i guess you could look at life that way.
i don't ... Orah

so as to melville and whether moby dick is a joke, maybe it could be, but that seems counter-intuitive for me. i find it difficult to imagine going about life or writing such a big book or in any way seriously investing themselves in something they think is ONLY ultimately laughable. maybe that's only because i find it insulting- i take myself rather seriously! i can laugh at myself ... but in the end i find the idea that i and the things i am invested in are all a joke very threatening. so i've decided they're meaningfull! ... i think of moby dick more as an often playful, through an admittedly futile, search for meaning, a search that melville is nonetheless earnestly engaged in ... Becky

The Cast of Characters

One of the questions we all answered in my section on Thursday was where/whether we found ourselves in Moby-Dick. We had an Ahab or two (folks on a quest to "know"), several "onlookers" (including Ishmaels and one Queequeg), one member of the class who identified as Moby-Dick (not wanting to be confined/contained by anyone else's knowing!) ... Anne

What instills vital forces into people making them live, instead of merely existing? ... From this point of view, Ishmael's and Ahab's stories resemble a rendition of "Hotel California" or the R.L.Stevenson's Suicide Club: "Fear is the strong passion; it is with fear that you must trifle, if you wish to taste the intense joy of living." ... Bored with his existence as a school master, Ishmael embarks on this journey to test whether life still means anything to him. ... Facing death, he is able to appreciate the moment and live it out fully without regretting a single second ... Ahab is driven by hate towards Mobidick and the inscruitable force it represents. What generates this hate? Isn't it the fear of the unknown that he cannot bring under control that humiliates him and, thus makes him hate? Making Ahab experience so strong emotions, the fear does instill life into him...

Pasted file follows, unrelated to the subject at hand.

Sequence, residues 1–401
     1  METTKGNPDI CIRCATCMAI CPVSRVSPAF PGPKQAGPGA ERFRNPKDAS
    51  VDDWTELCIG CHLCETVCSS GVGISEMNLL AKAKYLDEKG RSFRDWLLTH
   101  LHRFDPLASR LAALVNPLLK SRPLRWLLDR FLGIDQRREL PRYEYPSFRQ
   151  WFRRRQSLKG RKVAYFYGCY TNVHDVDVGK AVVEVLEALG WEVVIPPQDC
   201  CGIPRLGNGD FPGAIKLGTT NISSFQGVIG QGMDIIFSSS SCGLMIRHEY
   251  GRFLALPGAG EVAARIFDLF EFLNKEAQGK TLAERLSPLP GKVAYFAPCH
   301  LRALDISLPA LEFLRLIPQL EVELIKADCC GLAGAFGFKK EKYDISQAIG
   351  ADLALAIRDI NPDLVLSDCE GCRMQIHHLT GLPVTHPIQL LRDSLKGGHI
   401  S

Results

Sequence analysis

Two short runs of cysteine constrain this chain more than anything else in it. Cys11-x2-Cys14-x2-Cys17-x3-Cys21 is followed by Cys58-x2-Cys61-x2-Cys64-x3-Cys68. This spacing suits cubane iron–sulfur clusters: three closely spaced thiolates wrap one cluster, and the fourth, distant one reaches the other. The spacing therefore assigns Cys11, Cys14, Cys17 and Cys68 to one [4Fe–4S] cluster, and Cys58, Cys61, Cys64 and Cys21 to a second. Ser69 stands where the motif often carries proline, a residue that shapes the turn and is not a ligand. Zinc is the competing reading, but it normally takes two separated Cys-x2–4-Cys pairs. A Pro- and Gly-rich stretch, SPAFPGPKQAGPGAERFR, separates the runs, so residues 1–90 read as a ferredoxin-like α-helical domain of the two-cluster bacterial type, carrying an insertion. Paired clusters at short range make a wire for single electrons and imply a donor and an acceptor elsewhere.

the more that I read, the less I am reading from the point-of-view of Ishmael. His knowledge seems boundless, writing on and on about whales and the history and art surrounding them, and retelling the stories of encounters from other ships, and even slipping into the minds of some of his ship mates and telling their stories and their thoughts. Suddenly, while reading I thought, damn, this Ishmael is a really big liar ... Katherine P.

... the mysterious Fedallah and his crew. They appeared out of thin air it seems (although they were hinted at many times before their appearance) and I wonder if they function as a representation of fate. Fedallah, interestingly enough, in Arabic means 'in the hands of God' (Did Melville know that? My 'Specters of Moby Dick' Prof last semester at Haverford didn't seem to think so but it just seems like such an extraordinary coincidence). There are also curious passages throughout the book that alludes to Ahab and Fedallah being one man Fedallah an externalized insecurity perhaps? Fedallah, shadow, stare, wordless communication...it's all rather supernatural ... Aia